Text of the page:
Wednesday, December 14, 2016

The strange death of municipal England - the role of the trade unions?

Your blogger, as someone who was a student of local government even before I was an employee, can do no better than recommend this free essay in the London Review of Books on “the Strange Death of Municipal England”.
Seriously, go and read that now. Even if you don’t come back here.
Before starting work in local government thirty years ago, I knew that in successive struggles in the twentieth century socialists in English local government had fought to defend a model of autonomous, redistributive and adequately resourced municipal government.
In Poplar in the 1920s and Clay Cross in the 1970s, Labour Councillors defied unjust laws rather than abandon the interests of their working class electorate – and in the 1980s Thatcher fought the “enemy within” in local government with quite as much determination as she fought the trade unions.
The abolition of the Greater London Council and the (less lamented) Metropolitan County Councils in 1986 have arguably been more significant in the long term than ratecapping, although it is that struggle, particularly in Liverpool and Lambeth, which is better remembered - both by those of us who celebrate that defiance and by those who have built entire lives running away from it.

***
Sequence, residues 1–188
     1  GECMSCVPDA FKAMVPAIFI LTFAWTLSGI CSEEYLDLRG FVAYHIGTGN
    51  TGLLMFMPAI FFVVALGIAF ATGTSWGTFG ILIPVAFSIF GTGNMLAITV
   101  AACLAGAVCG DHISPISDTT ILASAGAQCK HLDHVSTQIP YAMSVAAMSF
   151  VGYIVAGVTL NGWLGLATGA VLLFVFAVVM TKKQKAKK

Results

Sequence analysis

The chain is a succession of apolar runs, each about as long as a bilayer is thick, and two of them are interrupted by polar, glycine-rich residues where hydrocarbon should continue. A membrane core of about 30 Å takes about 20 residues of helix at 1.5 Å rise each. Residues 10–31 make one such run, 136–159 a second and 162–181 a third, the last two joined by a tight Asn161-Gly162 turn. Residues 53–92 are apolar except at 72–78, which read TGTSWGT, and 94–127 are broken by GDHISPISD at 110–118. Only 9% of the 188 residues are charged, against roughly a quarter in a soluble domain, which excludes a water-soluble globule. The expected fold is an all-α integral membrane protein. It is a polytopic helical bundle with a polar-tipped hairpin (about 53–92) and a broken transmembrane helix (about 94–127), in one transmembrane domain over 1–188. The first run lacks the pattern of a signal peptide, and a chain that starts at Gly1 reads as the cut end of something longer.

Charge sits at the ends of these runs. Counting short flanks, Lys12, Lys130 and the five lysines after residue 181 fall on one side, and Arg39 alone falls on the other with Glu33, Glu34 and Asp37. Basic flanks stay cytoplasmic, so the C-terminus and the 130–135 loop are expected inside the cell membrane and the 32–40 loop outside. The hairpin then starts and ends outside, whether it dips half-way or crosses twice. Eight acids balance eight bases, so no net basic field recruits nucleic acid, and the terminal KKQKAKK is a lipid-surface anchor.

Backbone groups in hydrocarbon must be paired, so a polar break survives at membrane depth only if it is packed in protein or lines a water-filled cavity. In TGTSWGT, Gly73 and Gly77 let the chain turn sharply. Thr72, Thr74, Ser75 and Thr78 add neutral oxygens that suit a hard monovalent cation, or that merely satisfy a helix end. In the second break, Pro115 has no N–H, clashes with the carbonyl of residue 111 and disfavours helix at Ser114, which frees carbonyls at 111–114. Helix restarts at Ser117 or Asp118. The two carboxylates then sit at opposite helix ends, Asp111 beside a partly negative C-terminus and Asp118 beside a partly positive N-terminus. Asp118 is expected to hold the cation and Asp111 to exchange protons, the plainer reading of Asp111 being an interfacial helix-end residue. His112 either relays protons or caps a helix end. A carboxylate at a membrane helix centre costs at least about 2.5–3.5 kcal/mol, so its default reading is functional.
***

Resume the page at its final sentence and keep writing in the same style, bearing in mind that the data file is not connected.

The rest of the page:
At the time what was significant about the defeat of the poll tax was the end of Thatcher – but a generation on we can also see that the replacement Council Tax has helped to facilitate the continuing decline of the autonomy and legitimacy of local government.
As the last Peace and Nuclear Affairs Officer of the (nuclear free zone) London Borough of Lambeth your blogger is an authentic relic of the 1980s “loony left” – and as the last Branch Secretary of the Lambeth Branch of the National Association of Local Government Officers (NALGO) also a relic of a time when the organisations of the local government workforce defended local government.
Because alongside the tragedy of the death of municipal England is the role of the trade unions representing the local government workforce in providing little more than well informed commentary.
The largest collective bargaining unit in the economy is the local government workforce in England, Wales and Northern Ireland (since Scotland broke away). This enormous chunk of the trade unionised working class is organised largely in the three largest trade unions – who between themselves have half the membership of the TUC.
Yet neither our trade unions nor our trade union movement as a whole have prioritised the defence of local government over the past generation. This failure has reached its culmination in the period since 2010. During the Coalition Government, local Councils shed a fifth of their workforce, and the remaining four fifths lost a fifth of their real income.
So, perhaps if we want better to comprehend the “strange death of municipal England” we need also to consider the state of local government trade unionism.

Of which more later.

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